Somehow I contracted ADHD even though they didn’t even have it when I was a kid. I guess I was ahead of my time. Miss Hunter, my 4’7” 7th Grade English teacher had the cure. One kid got out of line, and she grabbed him by the hair and banged his head against the blackboard a few times. Wasn’t me, but it sure did help me deal with my hyperactivity.
All that to say that my attention span is still not that long (Miss Hunter is in heaven and my hyperactivity is back). Therefore, when someone sends a link to a video longer than about three minutes it goes into the trash.
So I even surprised myself when yesterday I watched a video 30 (that’s three zero) minutes long. What possessed me I do not know, but I am really glad that I did. Let me tell you why.
The video is about the use of technology (cell phones and Internet) for missions, approaches that could be used in the US as well. At some level it is obvious that these tools can be used and are being used to reach people, so that general fact comes as no big surprise.
Nonetheless, by the time this video was over I was totally blown away with the strategy it explained and the possibilities it presented. I was so hyped that I watched it again with Connie over supper last night, and I sent the link to my kids and urged them to watch it.
The video begins by explaining how cell phones can be used to reach people in ways and places out of reach of traditional methods. I just finished reading a great missions book entitled Ascent to the Tribes (on Kindle) by Isobel Kuhn, which describes how China Inland Mission missionaries who were run out of China by the Communists moved to Thailand and reached the tribal people in that country. When they entered a tribe, they had to develop an alphabet for the language, translate Scripture and other materials, teach the people to read, and then produce books for them. In today’s digital world they still have to translate the language, but many of the other steps can be omitted, giving them access to Scripture and other biblical input very quickly. This represents just one of the many ways in which cell phones can advance the gospel.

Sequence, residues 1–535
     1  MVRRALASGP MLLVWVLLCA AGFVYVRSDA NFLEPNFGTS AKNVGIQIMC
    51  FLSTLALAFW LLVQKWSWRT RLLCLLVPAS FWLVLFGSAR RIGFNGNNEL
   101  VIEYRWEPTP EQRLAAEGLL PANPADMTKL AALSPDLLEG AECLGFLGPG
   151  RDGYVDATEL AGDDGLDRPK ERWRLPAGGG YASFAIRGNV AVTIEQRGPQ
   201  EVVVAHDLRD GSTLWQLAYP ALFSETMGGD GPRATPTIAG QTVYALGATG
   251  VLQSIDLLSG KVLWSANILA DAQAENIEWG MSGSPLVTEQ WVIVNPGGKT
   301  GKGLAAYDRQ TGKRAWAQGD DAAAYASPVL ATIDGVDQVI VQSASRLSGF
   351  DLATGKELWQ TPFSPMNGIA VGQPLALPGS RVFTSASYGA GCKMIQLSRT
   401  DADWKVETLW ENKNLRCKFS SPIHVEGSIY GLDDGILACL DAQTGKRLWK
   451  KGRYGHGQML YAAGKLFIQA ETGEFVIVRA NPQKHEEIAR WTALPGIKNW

Of course, the Internet has even greater capacities. One of the factors that amazed me was the huge segment of the globe that already has Internet access and how quickly providers plan to reach the part of the world currently without service.
I was also taken back by the effectiveness of groups already using the Internet for evangelism, especially in otherwise difficult-to-reach places.
The video also explained a strategy that makes all the sense in the world. It emphasized that the missionary on the ground is still needed, but that the Internet is not just a new tool to be added to his toolbox, but rather a core capability around which a whole new missions’ strategy can be built.
When I finished the video I wished that I were 17 again so I could get involved in IT, and participate in this new strategy. In fact, I even pondered (briefly) if I could take some courses and jump in at this late date. Not likely. However, some of you can, and this opens up whole new vistas for ministries for your kids. I concluded that a Bible college today should have a major in IT as one of its primary focuses.
So, I hope I have convinced you to commit half an hour to watch this video. I am convinced that you will be glad you did. Here is the link. http://vimeo.com/93400359 If you don’t watch it, I may have to send Miss Hunter after you.